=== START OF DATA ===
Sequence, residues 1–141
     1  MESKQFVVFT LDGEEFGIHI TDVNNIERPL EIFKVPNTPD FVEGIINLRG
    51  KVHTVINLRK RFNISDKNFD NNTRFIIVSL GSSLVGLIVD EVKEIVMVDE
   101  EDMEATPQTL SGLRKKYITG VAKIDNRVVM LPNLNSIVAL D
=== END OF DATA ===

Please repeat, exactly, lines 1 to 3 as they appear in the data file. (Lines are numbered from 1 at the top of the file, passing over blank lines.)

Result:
Sequence, residues 1–141
     1  MESKQFVVFT LDGEEFGIHI TDVNNIERPL EIFKVPNTPD FVEGIINLRG
    51  KVHTVINLRK RFNISDKNFD NNTRFIIVSL GSSLVGLIVD EVKEIVMVDE